1. Abstract. Plant activity in semi-arid ecosystems is largely controlled by pulses of precipitation, making them particularly vulnerable to increased aridity expected with climate change. Simple bucket-model hydrology schemes in land surface models (LSMs) have had limited ability in accurately capturing semi-arid water stores and fluxes. Recent, more complex, LSM hydrology models have not been widely evaluated against semi-arid ecosystem in situ data. We hypothesize that the failure of older LSM versions to represent evapotranspiration, ET, in arid lands is because simple bucket models do not capture realistic fluctuations in upper layer soil moisture. We therefore predict that including a discretized soil hydrology scheme based on a mechanistic description of moisture diffusion will result in an improvement in model ET when compared to data because the temporal variability of upper layer soil moisture content better corresponds to that of precipitation inputs. To test this prediction, we compared ORCHIDEE LSM simulations from (1) a simple conceptual 2-layer bucket scheme with fixed hydrological parameters; and (2) a 11-layer discretized mechanistic scheme of moisture diffusion in unsaturated soil based on Richards equations against daily and monthly soil moisture and ET observations, together with data-derived transpiration / evaporation, T / ET, ratios, from six semi-arid grass, shrub and forestmore »sites in the southwestern USA. The 11-layer scheme also has modified calculations of surface runoff, bare soil evaporation, and water limitation to be compatible with the more complex hydrology configuration. To diagnose remaining discrepancies in the 11-layer model, we tested two further configurations: (i) the addition of a term that captures bare soil evaporation resistance to dry soil; and (ii) reduced bare soil fraction. We found that the more mechanistic 11-layer model results better representation of the daily and monthly ET observations. We show that is likely because of improved simulation of soil moisture in the upper layers of soil (top 5 cm). Some discrepancies between observed and modelled soil moisture and ET may allow us to prioritize future model development. Adding a soil resistance term generally decreased simulated E and increased soil moisture content, thus increasing T and T / ET ratios and reducing the negative T / ET model-data bias. By reducing the bare soil fraction in the model, we illustrated that modelled leaf T is too low at sparsely vegetated sites. We conclude that a discretized soil hydrology scheme and associated developments improves estimates of ET by allowing the model to more closely match the pulse precipitation dynamics of these semi-arid ecosystems; however, the partitioning of T from bare soil evaporation is not solved by this modification alone.« less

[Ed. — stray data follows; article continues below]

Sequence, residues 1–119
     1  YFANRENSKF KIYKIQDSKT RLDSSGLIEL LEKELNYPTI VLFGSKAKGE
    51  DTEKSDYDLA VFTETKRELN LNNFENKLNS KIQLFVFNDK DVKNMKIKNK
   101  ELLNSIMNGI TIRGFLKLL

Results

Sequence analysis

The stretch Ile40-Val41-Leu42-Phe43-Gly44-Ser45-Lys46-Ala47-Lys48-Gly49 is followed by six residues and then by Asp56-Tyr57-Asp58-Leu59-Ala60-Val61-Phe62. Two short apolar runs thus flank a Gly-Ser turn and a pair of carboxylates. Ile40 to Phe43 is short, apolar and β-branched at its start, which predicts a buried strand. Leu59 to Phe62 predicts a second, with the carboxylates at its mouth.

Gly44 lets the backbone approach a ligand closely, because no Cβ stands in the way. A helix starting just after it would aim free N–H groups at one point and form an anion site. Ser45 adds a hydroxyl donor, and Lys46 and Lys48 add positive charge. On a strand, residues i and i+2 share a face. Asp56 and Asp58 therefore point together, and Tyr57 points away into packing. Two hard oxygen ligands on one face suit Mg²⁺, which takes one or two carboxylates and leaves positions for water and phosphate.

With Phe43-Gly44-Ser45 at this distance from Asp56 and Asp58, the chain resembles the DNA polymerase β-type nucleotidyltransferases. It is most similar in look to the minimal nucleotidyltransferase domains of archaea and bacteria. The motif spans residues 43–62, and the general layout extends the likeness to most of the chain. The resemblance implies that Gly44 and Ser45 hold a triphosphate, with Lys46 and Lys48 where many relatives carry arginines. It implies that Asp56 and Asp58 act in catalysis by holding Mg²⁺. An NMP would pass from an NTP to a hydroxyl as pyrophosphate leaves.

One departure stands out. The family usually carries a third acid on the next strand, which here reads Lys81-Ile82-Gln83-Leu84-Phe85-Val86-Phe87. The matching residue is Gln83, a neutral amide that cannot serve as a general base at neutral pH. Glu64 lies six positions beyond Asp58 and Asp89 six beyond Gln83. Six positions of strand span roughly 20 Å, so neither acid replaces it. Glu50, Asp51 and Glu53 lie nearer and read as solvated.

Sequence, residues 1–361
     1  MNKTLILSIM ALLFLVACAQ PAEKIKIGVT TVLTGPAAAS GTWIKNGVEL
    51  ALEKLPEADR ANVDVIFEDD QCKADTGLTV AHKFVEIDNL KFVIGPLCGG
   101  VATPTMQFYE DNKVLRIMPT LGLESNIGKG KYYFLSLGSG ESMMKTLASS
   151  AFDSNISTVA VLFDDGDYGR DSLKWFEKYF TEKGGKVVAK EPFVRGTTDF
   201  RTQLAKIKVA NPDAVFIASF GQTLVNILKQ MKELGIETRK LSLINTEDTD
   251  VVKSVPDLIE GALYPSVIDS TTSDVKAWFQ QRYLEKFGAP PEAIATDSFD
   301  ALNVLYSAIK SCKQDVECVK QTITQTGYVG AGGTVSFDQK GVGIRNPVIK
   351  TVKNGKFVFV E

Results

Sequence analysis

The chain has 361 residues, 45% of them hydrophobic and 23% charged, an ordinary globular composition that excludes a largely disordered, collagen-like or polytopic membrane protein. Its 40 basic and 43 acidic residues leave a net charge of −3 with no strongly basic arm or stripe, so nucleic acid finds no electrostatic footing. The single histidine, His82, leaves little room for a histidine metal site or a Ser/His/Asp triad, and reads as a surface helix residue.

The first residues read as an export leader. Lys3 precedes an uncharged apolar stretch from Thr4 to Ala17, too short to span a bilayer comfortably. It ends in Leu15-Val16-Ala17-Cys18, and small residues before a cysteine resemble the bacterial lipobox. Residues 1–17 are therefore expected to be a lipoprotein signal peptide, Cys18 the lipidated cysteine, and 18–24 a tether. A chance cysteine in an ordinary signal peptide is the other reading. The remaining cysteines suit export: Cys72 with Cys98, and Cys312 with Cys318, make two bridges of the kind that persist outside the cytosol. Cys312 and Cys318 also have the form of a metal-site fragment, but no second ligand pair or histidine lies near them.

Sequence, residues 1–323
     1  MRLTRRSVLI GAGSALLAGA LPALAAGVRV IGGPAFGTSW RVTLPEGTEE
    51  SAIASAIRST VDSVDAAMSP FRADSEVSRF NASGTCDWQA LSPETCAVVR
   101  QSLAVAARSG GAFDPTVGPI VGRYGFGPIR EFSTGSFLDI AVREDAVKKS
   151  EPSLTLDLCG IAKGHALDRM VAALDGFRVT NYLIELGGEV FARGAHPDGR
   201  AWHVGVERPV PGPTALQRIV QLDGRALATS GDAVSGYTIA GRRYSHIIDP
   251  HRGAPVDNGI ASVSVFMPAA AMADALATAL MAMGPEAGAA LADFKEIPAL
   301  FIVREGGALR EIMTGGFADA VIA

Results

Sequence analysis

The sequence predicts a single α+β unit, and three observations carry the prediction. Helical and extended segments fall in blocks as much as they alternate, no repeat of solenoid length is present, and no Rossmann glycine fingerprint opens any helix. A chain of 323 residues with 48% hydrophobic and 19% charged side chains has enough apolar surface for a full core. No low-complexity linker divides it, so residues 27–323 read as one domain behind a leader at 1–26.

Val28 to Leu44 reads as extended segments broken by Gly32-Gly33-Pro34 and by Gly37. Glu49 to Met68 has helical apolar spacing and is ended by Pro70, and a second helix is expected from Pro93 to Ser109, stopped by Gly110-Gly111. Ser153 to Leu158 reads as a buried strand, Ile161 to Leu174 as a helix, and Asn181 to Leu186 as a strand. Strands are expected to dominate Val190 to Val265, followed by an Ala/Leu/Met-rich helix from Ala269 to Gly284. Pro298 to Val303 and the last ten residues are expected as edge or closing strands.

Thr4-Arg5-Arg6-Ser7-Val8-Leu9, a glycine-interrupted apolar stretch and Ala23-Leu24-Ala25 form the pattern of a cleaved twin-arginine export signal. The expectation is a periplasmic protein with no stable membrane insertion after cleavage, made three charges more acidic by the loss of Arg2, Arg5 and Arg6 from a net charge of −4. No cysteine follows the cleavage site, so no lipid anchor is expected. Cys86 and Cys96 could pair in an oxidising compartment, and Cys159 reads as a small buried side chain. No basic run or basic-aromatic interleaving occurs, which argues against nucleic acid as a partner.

2. Abstract